Government aims to build digital infrastructure and introduce new technologies to help current and future coal mines operations. The step is focussed at cutting down on import of dry fuel.
“The objective is to implement new technologies and build digital infrastructure to support current and future ramp-up for the mines,” according to the government’s draft technology road map for the coal sector.
The roadmap also includes multi-speed backbone information technology and infrastructure system that allows rapid deployment of new technologies.
“Creation of such system would require access to new-age ecosystems (like start-ups, established vendors and research institutes among others). The technological transformation will also entail the creation of a new culture in the organisation,” it said.
To reduce dependency on imports, it is critical for Coal India Ltd (CIL) to reach the one billion tonnes target, thereby embarking on a technological transformation journey, it said.
New technologies can have a number of impacts on mining operations, including safety and productivity, environmental protection, and opportunities for women.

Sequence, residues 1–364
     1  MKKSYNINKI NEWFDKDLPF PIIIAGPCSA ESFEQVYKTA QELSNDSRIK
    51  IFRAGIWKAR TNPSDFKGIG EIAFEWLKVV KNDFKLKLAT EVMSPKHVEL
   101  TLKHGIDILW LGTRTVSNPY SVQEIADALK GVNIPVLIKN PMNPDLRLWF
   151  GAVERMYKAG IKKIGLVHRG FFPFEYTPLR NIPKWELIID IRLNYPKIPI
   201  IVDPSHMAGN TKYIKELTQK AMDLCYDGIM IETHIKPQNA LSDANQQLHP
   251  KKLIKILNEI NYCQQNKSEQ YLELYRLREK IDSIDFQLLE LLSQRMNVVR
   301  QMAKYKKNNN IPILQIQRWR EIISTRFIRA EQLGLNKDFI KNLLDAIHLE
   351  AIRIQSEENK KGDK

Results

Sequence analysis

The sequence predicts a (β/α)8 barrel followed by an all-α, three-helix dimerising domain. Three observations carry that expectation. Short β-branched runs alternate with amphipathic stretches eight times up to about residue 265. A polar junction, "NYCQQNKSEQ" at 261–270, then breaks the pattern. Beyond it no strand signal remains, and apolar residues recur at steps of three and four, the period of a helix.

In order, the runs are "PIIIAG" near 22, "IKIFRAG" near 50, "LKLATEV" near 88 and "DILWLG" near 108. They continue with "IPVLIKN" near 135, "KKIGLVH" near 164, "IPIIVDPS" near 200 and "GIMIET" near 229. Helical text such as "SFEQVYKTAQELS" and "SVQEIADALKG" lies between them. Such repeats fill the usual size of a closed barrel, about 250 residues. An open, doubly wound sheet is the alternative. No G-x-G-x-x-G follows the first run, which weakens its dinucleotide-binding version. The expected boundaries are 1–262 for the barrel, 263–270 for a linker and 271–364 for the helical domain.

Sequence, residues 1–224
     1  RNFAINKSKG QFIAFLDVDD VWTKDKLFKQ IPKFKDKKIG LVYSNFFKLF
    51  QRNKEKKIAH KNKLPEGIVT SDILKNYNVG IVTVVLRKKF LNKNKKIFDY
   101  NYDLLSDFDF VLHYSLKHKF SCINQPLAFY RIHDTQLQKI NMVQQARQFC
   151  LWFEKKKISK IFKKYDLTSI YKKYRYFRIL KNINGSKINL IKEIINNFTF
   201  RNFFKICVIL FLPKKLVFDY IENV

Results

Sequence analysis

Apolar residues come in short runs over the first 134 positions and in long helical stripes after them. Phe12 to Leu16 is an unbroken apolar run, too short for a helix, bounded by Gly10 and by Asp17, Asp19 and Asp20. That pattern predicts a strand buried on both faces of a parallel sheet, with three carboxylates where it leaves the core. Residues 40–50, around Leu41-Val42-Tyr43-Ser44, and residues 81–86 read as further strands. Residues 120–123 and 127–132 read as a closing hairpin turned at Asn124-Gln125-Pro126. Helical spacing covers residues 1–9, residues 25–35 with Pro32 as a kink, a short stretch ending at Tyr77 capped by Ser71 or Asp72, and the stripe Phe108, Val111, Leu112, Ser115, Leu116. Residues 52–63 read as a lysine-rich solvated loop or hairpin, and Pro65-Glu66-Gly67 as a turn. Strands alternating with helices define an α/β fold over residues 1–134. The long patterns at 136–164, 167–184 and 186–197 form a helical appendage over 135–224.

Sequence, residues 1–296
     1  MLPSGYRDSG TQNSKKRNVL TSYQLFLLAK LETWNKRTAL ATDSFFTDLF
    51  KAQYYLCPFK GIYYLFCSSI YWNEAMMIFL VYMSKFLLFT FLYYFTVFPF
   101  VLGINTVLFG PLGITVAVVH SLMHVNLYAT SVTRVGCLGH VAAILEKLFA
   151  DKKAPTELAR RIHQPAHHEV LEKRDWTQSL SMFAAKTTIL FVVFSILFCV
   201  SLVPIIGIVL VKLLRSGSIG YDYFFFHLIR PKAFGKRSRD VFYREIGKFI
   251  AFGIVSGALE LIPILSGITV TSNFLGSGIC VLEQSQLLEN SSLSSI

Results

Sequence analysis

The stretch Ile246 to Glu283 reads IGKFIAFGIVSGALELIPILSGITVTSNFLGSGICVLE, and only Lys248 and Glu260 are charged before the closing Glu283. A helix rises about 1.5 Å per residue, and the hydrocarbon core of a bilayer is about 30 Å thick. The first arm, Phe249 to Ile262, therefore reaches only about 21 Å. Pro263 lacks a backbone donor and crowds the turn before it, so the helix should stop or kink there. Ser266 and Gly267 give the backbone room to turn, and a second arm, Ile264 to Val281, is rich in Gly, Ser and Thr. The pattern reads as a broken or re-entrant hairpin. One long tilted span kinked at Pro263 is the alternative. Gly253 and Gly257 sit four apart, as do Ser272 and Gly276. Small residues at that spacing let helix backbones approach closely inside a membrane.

Safer working conditions through improved underground communication, automation, more sophisticated mineral and metal transportation, and emergency response measures are achieved by integrating technology into mining projects, the roadmap said further.
“The scope of this road map is technology enablement in coal mines for transformation across business value chain, leveraging ‘digital technology’ as an accelerator for demonstrating performance enhancement from in the coal mines and increasing productivity, safety and sustainability while…reducing environmental impact by upgrading conventional technologies to new technologies,” the plan summarised.
India has total coal reserves of 344.02 billion tonnes. Commercial primary energy consumption in India has risen to 700 per cent in the past four decades. Major factors for the increase in demand for energy are expanding economy, rising population and the improvement of quality of life.
However, due to the high demand and poor average quality, the country has to import coal of higher quality mainly to meet the requirements of its steel plants, cement plants and sponge iron plants, among others.